This is exactly what we need…one more thing to pull our eyes from the road. But, is this really any different from the child in the back-seat with their DVD player strapped to the back of the front-seat or the DSi case in their lap? As a confessed once-upon-a-time mini-van-driving mom with a brood in the back, I know that passenger entertainment is an absolute necessity for the sanity of all. If that entertainment is already built into the vehicle, that’s one less thing to forget to pack for the vacay.
From GM’s R & D department emerges a project called “Windows of Opportunity.” Similar to Toyota’s “Window to the World“ project we heard about last year, GM’s take on truly mobile content brings interactivity to back-seat passengers in the form of a transparent window dashboard. The same technologies that are used in augmented reality are used here to combine with location and performance information provided by the vehicle itself, allowing for passenger entertainment…reinvented.
Kids can draw on the window or enjoy a cartoon travel companion that moves along with the speed of the vehicle. Since the display screen is transparent, the images appear to be involved with the environment on the other side of the window. Call it fun or just a bit scary, but your passengers could finger-jot notes on the “screen” and flip it outward to be viewed by those riding by you. Imagine being able to access a virtual globe, spin it to a location, expand the window, just like on an iPad, and experience that location outside your window.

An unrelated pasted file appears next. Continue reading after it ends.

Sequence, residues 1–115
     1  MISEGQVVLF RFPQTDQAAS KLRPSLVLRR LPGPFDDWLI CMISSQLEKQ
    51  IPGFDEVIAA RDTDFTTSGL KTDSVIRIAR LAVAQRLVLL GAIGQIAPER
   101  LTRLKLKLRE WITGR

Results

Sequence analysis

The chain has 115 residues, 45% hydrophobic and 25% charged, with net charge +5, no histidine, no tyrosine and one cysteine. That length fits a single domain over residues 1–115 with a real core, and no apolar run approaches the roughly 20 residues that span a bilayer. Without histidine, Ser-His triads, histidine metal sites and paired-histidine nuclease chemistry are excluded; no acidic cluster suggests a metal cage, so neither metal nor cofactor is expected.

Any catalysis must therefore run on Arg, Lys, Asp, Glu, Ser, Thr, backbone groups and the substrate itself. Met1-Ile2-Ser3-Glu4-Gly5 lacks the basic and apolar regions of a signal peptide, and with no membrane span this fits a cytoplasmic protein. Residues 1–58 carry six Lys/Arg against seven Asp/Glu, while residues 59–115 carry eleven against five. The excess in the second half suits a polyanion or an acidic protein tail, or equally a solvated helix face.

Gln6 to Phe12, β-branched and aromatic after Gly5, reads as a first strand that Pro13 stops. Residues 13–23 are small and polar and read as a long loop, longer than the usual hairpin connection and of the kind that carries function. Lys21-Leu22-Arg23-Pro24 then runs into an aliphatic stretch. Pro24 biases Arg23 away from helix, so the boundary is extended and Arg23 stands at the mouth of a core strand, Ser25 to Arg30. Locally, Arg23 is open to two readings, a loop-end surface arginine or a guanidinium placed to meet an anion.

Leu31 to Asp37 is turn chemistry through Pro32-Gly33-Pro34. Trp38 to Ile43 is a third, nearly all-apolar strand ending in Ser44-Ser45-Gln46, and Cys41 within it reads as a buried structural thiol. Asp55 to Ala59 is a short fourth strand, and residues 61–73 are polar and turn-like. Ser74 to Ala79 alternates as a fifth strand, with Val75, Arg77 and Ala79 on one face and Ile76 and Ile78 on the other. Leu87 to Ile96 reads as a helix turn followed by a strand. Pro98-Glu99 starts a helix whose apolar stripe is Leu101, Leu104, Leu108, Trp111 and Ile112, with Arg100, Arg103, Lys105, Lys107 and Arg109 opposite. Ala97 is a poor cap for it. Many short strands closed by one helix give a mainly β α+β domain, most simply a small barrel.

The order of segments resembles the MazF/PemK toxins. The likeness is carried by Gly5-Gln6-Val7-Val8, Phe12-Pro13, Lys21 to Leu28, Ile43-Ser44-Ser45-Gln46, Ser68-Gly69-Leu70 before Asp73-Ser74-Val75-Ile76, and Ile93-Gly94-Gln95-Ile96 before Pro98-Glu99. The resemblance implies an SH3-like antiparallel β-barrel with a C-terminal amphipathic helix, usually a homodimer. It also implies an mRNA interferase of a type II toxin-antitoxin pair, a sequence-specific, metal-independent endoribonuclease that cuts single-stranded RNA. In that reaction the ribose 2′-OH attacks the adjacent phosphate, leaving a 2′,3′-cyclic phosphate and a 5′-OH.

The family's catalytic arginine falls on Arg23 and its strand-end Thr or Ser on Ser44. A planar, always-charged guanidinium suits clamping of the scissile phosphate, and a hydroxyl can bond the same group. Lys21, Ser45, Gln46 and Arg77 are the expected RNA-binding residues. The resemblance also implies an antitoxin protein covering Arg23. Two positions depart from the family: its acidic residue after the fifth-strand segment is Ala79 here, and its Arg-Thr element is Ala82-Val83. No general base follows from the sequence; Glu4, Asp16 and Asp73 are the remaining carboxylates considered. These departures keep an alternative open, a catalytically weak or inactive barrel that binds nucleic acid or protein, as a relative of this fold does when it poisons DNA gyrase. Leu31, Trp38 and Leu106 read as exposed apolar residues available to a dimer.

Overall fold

The apps for this project came via the brilliance of the students at FUTURE LAB, Bezalel Academy of Art and Design, in Israel. Their mission from GM was to create interactive apps that could be displayed on rear-passenger windows. I’d say they did a pretty good job. It will be interesting to watch where projects like these go from here, but I think it’s clear that we’ve crossed the bridge of bringing entertainment into every space where we are captive for more than ten minutes. I’m still waiting for someone to figure out how to bring some interactive fun into a DMV waiting room.